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Janusz Prusinowski Kompania
Po Śladach – In The Footsteps

Buda Musique
Review by Andrew Cronshaw


The band that in the last decade, with its championing of old village musicians, event organizing, and its playing and teaching, has gone deep and revitalized Polish traditional mazurka dance and its music, generating a revival at home and spreading it in worldwide touring. A CD can't really give more than a hint of all that.

This is the fourth album. No fundamental change in the sound, but it's as gutsy as ever. Basically it's the characteristic traditional wild-flying instrumentation of abrasive fiddle (Janusz Prusinowski), chugging basy (unstopped 3-string cello-sized bowed bass), and thudding stick-hit tambourine or baraban bass drum (Piotr Piszczatowski), but this band's distinctive sound is completed by the less traditional flute and reeds (Michał Žak) and Szczepan Pospieszalski's trumpet, in mazurek and oberek's wiggly, asymmetric, hypnotic stretched three-beat rhythms. The vocals are led by fiddler Prusinowski, who also plays Polish accordion and hammered dulcimer. In the live quintet dance master Piotr Zgorzelski plays basy, when not out among the audience demonstrating and encouraging dancing, but it seems he doesn't play on this album, the basy role being taken by other band members.

There's a hint of a relationship with Poland's klezmer tradition in, "Deszczowy" ('Rainy'), with rain sounds accompanying Prusinowski's singing before Žak's winding klezmerish clarinet and the waltz-time um-ch-ch of alternating bass and violin take over the accompaniment. Then into the joyfully wiggling splurge of a typical mazurek in characteristic Kompania style, the fiddle and shawm topped out by trumpet underpinned by droning basy and pounding drum. Žak, on what sounds like an ocarina, opens the "Powolniak" that follows.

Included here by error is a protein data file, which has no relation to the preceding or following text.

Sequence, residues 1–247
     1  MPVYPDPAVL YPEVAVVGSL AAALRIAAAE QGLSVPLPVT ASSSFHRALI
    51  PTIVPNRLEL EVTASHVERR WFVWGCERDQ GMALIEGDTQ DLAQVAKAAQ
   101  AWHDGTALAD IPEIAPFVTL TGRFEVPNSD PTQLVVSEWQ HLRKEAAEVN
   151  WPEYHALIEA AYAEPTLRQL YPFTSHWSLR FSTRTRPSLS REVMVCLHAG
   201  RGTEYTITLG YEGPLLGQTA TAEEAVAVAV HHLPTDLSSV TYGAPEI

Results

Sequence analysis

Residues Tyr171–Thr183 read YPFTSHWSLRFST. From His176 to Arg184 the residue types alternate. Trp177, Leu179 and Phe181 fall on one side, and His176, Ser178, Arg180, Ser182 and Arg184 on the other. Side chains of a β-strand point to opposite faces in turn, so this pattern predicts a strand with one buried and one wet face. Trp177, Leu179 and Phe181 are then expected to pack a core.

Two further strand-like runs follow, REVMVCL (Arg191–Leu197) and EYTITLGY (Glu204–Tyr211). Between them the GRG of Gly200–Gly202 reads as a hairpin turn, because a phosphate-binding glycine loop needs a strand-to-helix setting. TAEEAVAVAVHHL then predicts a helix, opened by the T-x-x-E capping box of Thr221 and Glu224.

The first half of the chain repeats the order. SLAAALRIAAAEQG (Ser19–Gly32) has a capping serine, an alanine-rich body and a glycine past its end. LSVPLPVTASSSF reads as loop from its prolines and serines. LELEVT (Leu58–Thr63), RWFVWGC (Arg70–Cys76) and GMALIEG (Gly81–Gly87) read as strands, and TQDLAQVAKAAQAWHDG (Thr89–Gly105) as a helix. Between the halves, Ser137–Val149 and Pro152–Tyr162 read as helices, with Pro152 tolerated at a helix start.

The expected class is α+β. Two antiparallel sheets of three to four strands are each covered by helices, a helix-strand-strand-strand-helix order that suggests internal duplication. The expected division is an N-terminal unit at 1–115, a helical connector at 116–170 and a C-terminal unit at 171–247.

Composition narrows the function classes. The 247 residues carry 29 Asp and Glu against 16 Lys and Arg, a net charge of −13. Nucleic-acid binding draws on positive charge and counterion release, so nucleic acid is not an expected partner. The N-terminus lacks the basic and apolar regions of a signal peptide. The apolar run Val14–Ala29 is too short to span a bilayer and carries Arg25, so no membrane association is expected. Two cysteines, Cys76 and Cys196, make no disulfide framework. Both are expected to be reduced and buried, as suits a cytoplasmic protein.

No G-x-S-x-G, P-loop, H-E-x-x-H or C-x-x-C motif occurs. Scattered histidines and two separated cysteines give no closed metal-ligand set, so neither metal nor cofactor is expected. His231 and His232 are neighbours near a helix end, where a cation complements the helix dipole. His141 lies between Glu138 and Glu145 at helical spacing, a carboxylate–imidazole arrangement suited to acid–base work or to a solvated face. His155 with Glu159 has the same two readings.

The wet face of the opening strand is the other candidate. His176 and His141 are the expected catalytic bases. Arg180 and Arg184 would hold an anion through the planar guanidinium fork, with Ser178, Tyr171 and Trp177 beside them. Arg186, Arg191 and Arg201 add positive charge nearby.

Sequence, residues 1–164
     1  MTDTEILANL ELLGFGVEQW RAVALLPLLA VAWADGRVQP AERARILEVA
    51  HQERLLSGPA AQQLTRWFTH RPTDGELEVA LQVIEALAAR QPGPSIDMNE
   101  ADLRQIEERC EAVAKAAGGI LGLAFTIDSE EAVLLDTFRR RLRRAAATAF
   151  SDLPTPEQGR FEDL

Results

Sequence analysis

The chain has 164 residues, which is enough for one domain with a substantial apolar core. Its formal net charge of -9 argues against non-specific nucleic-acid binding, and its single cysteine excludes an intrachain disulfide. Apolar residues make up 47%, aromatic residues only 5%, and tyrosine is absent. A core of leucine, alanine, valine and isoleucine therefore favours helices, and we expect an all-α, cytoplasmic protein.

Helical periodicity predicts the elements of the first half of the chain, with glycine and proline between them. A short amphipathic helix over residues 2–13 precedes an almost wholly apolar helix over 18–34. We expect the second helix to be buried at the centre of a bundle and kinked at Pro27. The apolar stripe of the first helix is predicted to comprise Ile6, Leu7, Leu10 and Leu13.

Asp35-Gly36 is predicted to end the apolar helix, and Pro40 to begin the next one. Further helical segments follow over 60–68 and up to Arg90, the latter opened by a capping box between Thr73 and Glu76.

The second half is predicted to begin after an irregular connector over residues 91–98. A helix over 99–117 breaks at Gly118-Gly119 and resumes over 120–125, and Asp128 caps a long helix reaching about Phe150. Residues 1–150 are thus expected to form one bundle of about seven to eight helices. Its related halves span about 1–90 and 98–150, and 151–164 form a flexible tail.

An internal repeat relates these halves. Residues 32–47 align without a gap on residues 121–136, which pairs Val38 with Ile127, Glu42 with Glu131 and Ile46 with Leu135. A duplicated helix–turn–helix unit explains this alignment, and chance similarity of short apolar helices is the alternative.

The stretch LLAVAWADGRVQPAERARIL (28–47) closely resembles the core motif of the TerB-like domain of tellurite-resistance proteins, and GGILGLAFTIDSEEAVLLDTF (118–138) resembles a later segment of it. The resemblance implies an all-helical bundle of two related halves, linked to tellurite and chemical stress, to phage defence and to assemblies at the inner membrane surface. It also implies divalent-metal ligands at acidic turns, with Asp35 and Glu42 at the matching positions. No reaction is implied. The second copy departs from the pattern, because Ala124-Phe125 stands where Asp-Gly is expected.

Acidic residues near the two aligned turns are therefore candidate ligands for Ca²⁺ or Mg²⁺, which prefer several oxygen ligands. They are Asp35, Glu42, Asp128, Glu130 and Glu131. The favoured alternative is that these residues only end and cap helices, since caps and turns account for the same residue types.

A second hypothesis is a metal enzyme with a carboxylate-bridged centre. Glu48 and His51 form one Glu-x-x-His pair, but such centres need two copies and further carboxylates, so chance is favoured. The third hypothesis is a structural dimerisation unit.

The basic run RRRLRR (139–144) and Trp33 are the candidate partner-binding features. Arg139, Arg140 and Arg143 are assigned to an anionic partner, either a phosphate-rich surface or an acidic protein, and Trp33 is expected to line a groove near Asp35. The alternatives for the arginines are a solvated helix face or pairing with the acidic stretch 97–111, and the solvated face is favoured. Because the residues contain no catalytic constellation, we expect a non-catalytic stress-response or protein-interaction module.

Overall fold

Prusinowski takes a short vocal solo in "Tu Będę Lulat", before leading on hammer-bouncing dulcimer, joined by sax and then clarinet, into the stately processional-like polonaise "Rubin". The combination of accordion, trumpet and clarinet in "Dobrezelin" have a circus-like jubilance. Incidentally, Polish accordions are a distinctive and intriguing breed, with multiple rows of keys. Prusinowski plays his again in the closer, the calm lyrical song "Gdzie Jest Ta Mitość".

The opening oberek, learned from Piotr Gaca (d. 2017), one of the Gaca brothers who were a popular group in the second half of the last century and, drawn into performing in the revival, have become iconic veterans, is an insistent example of that classic fiddle/basy/percussion instrumental trio sound. While a tribute to Gaca and a reflection of the album title, so a logical opener, its relentless abrasiveness, while classic, could perhaps be a rather steep learning curve for some new to the remarkable world of this music, though probably appealing to the curiosity of others.

But variety unfolds as the album progresses, in the jerky, short-phrased interplay of the instruments and voices, soaring and pausing, with the tambourine marking the staggering rhythms in a fashion that can be initially hard to comprehend but is an essential guide to dancers in these obereks, mazureks and more. After a while it all becomes, well, normal, almost. And to see, and, better, to participate in, the turning, flat-footed dancing to this music is to understand it and, for many, to become addicted. - Andrew Cronshaw

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